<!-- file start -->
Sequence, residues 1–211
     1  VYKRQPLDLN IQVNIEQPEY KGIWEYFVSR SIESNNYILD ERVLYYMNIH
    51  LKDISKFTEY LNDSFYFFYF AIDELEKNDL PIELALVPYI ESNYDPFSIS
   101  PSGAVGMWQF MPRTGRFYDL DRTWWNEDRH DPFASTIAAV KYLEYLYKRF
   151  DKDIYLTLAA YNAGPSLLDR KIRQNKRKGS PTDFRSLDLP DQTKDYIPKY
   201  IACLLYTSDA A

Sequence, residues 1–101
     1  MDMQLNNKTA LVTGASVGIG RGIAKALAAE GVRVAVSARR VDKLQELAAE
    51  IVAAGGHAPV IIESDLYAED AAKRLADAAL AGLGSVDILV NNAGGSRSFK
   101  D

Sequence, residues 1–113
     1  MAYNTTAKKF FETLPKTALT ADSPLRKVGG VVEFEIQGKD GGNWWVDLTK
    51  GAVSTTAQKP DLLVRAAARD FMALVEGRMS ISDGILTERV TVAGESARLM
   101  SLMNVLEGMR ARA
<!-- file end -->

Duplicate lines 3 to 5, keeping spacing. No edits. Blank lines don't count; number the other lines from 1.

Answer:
    51  LKDISKFTEY LNDSFYFFYF AIDELEKNDL PIELALVPYI ESNYDPFSIS
   101  PSGAVGMWQF MPRTGRFYDL DRTWWNEDRH DPFASTIAAV KYLEYLYKRF
   151  DKDIYLTLAA YNAGPSLLDR KIRQNKRKGS PTDFRSLDLP DQTKDYIPKY